In all honesty, I am exhausted over the conversations regarding Artificial Intelligence (AI). It is the latest shiny new object. However, those of us that have been utilizing it are disappointed with the results. This displeasure is occurring for numerous reasons, beginning with the reality that we are early on, in the development of AI for healthcare. Additionally, we have not figured out how to integrate the information with our workflows. And we are also incredibly concerned regarding the implementation of what data drives AI within the context of health equities.
However, an additional postulation is that we are using AI for the wrong purposes. Currently, the focus centers on predictive analytics. How do we utilize all the original information to predict how a human being might act clinically in the future? We are doing this type of analysis on large data sets and translating the results to individual physiologic beings whom we don’t fully understand how they function. Moreover, environmental elements factor into the situation that are not part of the AI design. Undeniably, we are incredibly nascent in our knowledge so how can we expect AI to solve our problems by creating a prediction model?
I think instead, we need to consider changing how we regard the value of AI and its ability to aid us in executing better clinical decisions. One potential area is utilizing AI to assist and improve our diagnostic capabilities and connect us with others facing similar clinical dilemmas. “Crowdsourcing” clinical data and diagnostic pathways would be beneficial in our process of determining a navigation route between where we are today and a future diagnostic and treatment destination.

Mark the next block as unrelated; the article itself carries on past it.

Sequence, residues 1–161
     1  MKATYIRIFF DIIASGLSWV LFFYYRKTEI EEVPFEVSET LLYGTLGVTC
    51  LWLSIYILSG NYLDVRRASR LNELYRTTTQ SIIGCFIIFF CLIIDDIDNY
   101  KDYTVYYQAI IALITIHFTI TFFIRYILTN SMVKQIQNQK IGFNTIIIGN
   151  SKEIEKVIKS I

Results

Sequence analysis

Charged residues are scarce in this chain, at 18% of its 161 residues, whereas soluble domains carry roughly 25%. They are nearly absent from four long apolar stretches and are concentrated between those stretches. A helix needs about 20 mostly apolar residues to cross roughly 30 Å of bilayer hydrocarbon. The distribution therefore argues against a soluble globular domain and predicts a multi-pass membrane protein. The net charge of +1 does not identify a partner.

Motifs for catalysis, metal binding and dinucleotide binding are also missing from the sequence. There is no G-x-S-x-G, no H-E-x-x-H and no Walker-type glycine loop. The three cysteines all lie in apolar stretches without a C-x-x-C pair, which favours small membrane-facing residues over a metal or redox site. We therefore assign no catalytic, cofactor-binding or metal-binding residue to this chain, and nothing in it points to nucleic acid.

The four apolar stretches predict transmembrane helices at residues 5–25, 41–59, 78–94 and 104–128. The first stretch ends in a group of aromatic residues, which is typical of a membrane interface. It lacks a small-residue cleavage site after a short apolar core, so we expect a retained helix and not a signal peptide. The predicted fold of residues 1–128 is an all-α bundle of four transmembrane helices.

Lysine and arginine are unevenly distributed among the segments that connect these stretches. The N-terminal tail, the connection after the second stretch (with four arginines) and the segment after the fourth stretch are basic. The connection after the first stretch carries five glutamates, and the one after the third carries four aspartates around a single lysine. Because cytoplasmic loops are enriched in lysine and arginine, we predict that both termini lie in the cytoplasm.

In other words, we could be utilizing AI to assist in finding better diagnostic results and successful treatment options and methods. Furthermore, AI could aid the clinician in deciding what additional data points are necessary for narrowing in on a direction that assists in needed care. Hence, the goal is for AI to be a guiding light for diagnosis and treatment versus alerting the clinician there might be potential issues in the future. Ideally, AI would be the ultimate navigation tool, not merely a predictive magic ball.
Unquestionably, what clinicians struggle with today is the cognitive load of new information and the ever-changing experiences of our colleagues. Let us pivot our implementation of AI to enhance our knowledge in real-time and utilize it to acuminate those diagnoses found to be accurate based on the constellation of data points immediately accessible. And finally, let us treat AI as an external “brain” for the clinician concerning treatments.
Diagnostic and therapeutic AI is the way forward. Let us use our newfound tools in helpful methods rather than merely informing us of negligibly beneficial information.